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Rotavirus - Topic Overview

What is rotavirus, and what causes it?

Rotavirus is a virus that infects the intestinal tract of almost all young children by age 5. Children can get rotavirus more than once, but the first infection is usually the worst. This infection causes stomach upset and diarrhea.

Babies and very young children who have rotavirus infections need to be watched closely, because they can become dehydrated very quickly. Dehydration occurs when the body loses water more quickly than it is replaced. When your child becomes dehydrated, severe health problems can arise.

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Rotavirus infections spread easily. Outbreaks usually occur in the winter and early spring. Rotavirus infections often spread in settings where many children are together, such as day care centers.

The virus spreads through contact with the stool from an infected child. The virus can spread easily even when people try very hard to keep places clean. For example, when a caregiver changes the messy diaper of a child who has rotavirus infection, germs can get on the changing table, the caregiver's hands, or the hands of the already-infected child. The rotavirus germs can then spread to other children from the caregiver's or child's unwashed hands. It may be only a few steps to the sink, but the germs may get on surfaces that the caregiver or child touches along the way. For example, the germs may get on toys, doorknobs, or sink surfaces. The germs can live for days on objects and surfaces if they are not disinfected right away.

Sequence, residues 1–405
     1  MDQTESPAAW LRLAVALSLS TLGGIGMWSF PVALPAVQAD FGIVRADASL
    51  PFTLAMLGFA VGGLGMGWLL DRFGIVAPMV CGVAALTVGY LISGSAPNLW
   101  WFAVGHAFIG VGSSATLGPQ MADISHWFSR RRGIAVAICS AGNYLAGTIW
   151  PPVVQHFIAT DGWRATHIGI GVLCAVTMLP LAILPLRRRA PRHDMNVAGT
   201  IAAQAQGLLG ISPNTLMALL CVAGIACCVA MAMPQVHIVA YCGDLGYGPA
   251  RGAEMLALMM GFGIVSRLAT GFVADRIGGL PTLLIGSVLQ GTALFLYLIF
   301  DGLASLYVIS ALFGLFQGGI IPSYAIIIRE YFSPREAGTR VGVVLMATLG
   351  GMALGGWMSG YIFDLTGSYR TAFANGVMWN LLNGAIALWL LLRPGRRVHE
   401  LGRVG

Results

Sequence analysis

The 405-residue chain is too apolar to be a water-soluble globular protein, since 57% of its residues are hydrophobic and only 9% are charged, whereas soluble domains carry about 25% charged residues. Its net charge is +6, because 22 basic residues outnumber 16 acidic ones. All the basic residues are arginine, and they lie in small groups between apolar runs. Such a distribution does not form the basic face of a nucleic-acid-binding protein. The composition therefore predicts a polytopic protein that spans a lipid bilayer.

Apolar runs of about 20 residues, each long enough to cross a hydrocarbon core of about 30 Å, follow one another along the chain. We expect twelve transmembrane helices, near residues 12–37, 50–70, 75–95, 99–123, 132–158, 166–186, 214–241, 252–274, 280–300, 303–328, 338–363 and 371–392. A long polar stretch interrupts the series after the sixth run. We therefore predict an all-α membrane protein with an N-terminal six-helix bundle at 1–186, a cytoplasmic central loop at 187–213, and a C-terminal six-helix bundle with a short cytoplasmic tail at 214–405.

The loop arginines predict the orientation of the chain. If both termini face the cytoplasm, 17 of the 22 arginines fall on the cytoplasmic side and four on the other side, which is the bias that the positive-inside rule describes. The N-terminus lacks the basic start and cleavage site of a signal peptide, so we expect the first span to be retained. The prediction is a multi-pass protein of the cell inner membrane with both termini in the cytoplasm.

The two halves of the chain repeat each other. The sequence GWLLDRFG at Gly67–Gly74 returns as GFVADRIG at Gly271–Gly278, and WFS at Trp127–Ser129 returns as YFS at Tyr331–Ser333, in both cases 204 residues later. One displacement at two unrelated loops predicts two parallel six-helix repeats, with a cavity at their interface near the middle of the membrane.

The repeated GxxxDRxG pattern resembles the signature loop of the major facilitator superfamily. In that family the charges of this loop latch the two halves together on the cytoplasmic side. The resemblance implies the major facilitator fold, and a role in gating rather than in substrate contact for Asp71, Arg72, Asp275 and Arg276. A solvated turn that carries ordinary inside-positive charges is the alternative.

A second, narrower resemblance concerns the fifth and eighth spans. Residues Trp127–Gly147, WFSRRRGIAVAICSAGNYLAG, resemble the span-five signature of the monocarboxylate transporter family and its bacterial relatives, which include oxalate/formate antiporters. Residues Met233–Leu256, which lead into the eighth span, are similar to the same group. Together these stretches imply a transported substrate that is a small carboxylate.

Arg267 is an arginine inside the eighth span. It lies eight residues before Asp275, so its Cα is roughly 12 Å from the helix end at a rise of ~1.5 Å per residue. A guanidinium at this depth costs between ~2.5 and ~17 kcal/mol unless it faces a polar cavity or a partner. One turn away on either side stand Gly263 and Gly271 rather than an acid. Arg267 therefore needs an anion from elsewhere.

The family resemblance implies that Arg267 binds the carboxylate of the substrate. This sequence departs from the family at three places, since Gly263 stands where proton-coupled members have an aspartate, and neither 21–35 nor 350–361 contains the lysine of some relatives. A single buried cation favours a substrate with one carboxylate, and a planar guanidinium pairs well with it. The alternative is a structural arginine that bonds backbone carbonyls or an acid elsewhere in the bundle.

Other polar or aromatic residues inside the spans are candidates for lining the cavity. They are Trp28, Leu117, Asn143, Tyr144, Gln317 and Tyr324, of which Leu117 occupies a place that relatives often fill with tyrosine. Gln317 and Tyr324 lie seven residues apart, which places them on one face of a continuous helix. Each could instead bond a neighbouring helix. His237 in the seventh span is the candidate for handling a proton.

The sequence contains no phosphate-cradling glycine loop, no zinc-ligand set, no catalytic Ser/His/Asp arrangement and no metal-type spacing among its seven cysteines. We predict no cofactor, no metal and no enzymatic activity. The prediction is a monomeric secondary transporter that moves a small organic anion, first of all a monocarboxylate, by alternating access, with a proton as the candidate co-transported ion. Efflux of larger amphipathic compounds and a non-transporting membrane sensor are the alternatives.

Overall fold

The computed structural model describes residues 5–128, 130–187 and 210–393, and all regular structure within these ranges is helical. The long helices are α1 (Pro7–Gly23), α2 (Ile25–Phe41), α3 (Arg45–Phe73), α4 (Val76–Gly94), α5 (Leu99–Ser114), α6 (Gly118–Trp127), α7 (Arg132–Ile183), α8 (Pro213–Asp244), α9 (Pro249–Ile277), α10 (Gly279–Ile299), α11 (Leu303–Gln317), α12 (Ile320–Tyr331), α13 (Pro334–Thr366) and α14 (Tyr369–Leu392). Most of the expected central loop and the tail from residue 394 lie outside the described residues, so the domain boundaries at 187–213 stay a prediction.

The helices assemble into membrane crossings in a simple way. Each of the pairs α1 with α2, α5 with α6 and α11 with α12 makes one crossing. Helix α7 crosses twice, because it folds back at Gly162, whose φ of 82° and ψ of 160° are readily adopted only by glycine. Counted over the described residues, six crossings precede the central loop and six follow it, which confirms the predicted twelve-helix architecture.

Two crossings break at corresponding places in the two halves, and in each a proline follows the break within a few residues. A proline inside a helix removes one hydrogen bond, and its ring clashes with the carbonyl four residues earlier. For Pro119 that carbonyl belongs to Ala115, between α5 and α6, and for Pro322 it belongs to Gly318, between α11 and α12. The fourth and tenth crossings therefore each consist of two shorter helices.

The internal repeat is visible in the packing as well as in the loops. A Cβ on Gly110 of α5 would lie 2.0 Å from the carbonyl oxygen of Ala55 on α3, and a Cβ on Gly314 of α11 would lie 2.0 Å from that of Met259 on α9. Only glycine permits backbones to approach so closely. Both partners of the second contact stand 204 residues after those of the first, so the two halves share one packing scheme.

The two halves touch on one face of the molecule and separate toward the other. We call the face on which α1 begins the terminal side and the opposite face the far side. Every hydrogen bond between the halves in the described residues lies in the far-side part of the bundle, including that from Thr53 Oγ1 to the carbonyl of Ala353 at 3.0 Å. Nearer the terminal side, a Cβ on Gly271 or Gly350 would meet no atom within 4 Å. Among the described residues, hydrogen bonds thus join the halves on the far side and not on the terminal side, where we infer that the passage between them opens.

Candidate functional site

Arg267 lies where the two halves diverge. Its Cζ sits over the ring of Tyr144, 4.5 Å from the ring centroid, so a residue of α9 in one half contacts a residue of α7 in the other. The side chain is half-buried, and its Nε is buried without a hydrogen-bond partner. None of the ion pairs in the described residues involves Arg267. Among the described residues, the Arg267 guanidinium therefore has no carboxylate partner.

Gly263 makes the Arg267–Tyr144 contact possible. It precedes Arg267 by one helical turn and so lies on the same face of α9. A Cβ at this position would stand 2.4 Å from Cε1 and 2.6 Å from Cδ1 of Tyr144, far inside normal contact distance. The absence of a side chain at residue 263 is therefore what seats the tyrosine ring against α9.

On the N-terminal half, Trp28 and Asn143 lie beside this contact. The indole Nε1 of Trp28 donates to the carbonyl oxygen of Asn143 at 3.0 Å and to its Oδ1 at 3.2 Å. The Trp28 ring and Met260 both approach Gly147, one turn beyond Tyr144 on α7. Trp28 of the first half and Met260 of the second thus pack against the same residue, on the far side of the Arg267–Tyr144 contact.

Other children who get the rotavirus germs on their hands can get the infection when they put their hands in their mouths. They can also get infected with rotavirus by chewing on a toy that has the germs on it.

What are the symptoms?

It takes about 1 to 3 days for a child who is exposed to the virus to start having symptoms.

Vomiting is often the first symptom. Usually, a fever and diarrhea follow. Most children with rotavirus have very watery diarrhea that seems like a large amount for a baby or small child. The most severe diarrhea lasts 4 to 8 days. But episodes of diarrhea can last long after your child starts feeling better. In some children, diarrhea can last for a few weeks.

Diarrhea, especially when it occurs along with vomiting, can quickly lead to dehydration in babies and young children who have rotavirus. For this reason, it is important to keep feeding your child and to watch him or her closely for signs of dehydration.

How is rotavirus diagnosed?

Your doctor will probably diagnose your child with rotavirus infection based on his or her symptoms. The time of year also is an important clue. If your child has diarrhea and other symptoms during the winter or early spring (about November through April), your doctor will often suspect rotavirus as the cause.

A test of stool can be done to confirm a diagnosis. This kind of test is not needed unless your child has other health conditions that make it important to know the exact cause of symptoms.

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